Inuit-Yupik-Unangax̂ Languages

The language family with the largest number of speakers in Alaska is the Inuit-Yupik-Unangax̂ language family (also known as Eskimo-Aleut).


This family of languages stretches from the Far East of Siberia, through Alaska and Canada and all the way to eastern Greenland. Iñupiaq speakers in Alaska have shown some ability to communicate with Greenlandic speakers, despite the thousands of miles that separate these languages. Inuit-Yupik-Unangax̂ languages often have extremely long words that might be expressed by a whole sentence in English.

See the table below for a comparison of Inuit-Yupik vocabulary:

Iñupiaq (North Slope)


Inupiaq (Seward Peninsula)


St. Lawrence Island Yupik






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Updated March 2021.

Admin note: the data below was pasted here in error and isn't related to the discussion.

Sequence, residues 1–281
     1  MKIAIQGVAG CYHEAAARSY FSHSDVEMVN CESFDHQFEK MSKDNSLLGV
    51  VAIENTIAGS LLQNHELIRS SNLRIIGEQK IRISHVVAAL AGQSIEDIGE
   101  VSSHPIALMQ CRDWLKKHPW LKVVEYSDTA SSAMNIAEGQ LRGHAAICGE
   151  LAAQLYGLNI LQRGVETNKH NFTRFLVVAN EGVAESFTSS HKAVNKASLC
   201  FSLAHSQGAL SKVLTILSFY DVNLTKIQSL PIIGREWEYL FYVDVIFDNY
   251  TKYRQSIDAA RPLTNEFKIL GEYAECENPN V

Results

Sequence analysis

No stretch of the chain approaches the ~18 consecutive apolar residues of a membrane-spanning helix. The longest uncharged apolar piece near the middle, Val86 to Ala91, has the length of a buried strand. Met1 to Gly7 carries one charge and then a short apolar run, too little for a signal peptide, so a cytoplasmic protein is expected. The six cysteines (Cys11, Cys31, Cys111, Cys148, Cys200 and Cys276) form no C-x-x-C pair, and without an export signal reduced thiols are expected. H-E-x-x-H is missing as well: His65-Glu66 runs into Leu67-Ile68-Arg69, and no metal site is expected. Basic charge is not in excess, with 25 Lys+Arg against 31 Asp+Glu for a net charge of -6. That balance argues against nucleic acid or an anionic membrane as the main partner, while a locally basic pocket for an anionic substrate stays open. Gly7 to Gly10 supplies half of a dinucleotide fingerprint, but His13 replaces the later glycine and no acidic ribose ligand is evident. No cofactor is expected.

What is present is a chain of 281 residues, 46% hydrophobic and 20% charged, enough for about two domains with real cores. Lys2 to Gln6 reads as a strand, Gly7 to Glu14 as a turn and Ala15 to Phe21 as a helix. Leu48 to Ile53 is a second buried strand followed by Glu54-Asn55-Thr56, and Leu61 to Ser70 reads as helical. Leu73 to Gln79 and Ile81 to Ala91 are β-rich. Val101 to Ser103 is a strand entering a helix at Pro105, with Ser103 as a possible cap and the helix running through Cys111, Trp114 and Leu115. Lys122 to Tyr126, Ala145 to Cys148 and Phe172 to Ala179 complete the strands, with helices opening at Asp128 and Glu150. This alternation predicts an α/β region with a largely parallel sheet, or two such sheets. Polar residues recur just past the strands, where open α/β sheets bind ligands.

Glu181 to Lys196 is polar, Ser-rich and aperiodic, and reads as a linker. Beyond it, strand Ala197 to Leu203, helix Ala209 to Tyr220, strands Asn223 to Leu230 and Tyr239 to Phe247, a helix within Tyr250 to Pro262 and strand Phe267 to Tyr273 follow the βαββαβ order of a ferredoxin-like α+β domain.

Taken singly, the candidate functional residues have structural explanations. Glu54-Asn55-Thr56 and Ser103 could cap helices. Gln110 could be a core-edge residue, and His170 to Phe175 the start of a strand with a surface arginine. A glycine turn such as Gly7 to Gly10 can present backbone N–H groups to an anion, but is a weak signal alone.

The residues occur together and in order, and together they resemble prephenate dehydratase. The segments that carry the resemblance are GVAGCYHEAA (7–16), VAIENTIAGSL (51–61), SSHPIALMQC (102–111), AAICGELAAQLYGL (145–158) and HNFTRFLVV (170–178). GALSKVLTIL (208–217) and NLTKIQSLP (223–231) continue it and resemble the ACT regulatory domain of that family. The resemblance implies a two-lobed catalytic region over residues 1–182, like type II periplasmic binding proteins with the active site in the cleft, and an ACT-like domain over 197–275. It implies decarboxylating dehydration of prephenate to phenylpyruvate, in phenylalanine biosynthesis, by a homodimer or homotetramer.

All images and maps are courtesy of the Alaska Native Language Archive and the Alaska Native Language Center

Original funding for this site provided by Alaska Humanities Forum with in-kind support from the Alaska Native Language Preservation & Advisory Council. Quyana to the volunteers who assist in keeping this website running. 

This website acknowledges the traditional territories of the many Indigenous Alaskan Nations that have lived in and taken care of the lands of Alax̂sxax̂ (Alaska) since time immemorial.